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Tea with the Bees: Tea, Tales and a Bee Safari
May 19 @ 1:00 pm - 4:00 pm
This session is our contribution to the annual Meadowlark Festival; visit their website to reserve your spot.
Join us for an afternoon of refreshments and tall tales from an artist (Lori Weidenhammer) and a scientist (Lincoln Best) who love to share their passion for bees of all stripes. Lori will talk about her adventures as an educator and performer, dressing up in silly costumes to teach people of all ages about bees. Lincoln will share his thrilling adventures chasing cougars and bears in the pursuit of studying bees in rugged and exotic locations and discovering new bee species in British Columbia. We’ll head into the gardens for a short bee safari, catching and releasing some very beautiful local pollinators.
Lori Weidenhammer is a Vancouver performance-based interdisciplinary artist and educator. She is originally from a tiny hamlet called Cactus Lake, Saskatchewan. It is in this place, bordered by wheat fields and wild prairie, that she first became enchanted with bees. She is the author of a new book called Victory Gardens for Bees: A DIY Guide to Saving the Bees published by Douglas and MacIntyre. For the past several years she has been appearing as the persona Madame Beespeaker, practicing the tradition of “telling the bees”. As a food security volunteer and activist Lori works with students of all ages on eating locally and gardening for pollinators. On occasion, she likes to wear strange costumes and talk to bees.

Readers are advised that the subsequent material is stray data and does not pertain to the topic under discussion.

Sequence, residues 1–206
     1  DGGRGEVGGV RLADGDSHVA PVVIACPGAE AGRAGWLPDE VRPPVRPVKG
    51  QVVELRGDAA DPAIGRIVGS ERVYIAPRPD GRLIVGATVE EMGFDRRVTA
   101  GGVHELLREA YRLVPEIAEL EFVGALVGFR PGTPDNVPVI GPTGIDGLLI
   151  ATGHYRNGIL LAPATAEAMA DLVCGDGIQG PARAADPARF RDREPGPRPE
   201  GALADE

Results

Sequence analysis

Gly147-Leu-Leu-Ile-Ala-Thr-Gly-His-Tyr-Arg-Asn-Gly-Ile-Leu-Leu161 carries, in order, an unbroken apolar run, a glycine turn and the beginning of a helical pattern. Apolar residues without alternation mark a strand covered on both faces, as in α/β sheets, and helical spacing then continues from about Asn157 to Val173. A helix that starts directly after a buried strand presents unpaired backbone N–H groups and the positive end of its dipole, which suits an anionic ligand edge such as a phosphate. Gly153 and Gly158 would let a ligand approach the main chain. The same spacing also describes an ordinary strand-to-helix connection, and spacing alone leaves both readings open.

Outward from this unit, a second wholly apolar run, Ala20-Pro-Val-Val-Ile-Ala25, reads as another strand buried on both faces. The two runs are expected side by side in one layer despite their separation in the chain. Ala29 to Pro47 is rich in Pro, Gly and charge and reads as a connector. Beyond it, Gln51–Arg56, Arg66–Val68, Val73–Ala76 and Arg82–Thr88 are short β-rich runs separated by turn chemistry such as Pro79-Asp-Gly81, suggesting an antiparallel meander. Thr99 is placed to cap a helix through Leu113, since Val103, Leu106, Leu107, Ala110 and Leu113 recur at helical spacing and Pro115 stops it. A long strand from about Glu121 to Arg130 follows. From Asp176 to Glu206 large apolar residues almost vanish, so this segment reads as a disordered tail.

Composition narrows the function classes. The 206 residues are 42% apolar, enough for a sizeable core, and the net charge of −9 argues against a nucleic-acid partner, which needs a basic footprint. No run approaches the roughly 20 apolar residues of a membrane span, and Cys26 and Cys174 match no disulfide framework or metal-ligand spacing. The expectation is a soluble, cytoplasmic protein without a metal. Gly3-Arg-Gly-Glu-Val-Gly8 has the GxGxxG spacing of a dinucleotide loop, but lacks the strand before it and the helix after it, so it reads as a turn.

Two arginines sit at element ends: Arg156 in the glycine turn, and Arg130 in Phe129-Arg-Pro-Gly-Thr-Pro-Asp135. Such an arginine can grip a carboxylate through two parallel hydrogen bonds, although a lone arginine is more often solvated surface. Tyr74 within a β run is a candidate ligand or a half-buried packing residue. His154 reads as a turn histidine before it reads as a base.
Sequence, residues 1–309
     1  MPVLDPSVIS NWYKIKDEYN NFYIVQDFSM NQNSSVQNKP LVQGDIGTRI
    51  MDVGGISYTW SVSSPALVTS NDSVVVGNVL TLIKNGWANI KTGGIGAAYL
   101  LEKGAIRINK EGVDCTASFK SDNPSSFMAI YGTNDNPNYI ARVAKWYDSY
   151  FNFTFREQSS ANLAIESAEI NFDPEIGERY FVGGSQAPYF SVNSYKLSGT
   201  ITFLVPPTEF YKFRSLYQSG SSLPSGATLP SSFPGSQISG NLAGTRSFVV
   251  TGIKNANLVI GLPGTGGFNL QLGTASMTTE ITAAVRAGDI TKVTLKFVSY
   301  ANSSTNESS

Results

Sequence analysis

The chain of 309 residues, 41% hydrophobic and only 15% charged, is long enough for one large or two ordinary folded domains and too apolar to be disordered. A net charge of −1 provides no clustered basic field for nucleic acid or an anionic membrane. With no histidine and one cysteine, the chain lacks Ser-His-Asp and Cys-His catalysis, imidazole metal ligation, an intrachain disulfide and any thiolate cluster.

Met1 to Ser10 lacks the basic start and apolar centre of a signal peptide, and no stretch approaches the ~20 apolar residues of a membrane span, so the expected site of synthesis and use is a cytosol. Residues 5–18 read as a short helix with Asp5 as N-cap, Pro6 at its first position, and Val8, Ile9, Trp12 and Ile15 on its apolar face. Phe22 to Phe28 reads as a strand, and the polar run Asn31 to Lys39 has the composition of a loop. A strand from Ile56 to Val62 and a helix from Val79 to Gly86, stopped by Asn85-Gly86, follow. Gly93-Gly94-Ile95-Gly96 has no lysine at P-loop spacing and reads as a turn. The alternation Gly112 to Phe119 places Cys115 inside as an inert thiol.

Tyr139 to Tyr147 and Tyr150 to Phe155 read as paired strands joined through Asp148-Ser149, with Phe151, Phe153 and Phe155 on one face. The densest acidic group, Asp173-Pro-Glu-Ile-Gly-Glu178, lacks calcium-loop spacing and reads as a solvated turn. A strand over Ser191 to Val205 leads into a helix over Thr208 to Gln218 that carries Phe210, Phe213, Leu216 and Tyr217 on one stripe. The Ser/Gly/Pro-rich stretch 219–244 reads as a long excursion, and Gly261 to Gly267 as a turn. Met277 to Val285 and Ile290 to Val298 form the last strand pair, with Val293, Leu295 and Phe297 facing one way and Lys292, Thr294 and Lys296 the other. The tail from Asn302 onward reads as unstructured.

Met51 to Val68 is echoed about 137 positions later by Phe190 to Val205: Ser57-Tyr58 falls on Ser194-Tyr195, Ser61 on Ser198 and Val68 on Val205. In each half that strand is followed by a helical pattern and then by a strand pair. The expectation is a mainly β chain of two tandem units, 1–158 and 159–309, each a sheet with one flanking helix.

Lincoln Best began surveying pollinators and other insects in the Okanagan over 15 years ago. This work has provided records for more than 400 native bee species in the region, doubling the known fauna, and led to the discovery of several species new to science with many more awaiting description. He has studied bees and their floral relationships from Haida Gwaii to Newfoundland, and from Mexico to Florida in North America, and through Europe, Asia, and Australia. Originally from the Cariboo, Lincoln prefers to call the west home, and works as an academic, educator, and consultant. His passion is observing and documenting the relationships between native bees and plants, and you’ll often find him camped in the hills of the southern Okanagan, butterfly net in hand, watching the wild flowers and pollinators move through their annual progression.
The Grist Mill and Gardens is a provincial heritage site dedicated to Western Canada’s only working waterwheel-powered flour mill and features a restaurant, campground, lovely gardens and more.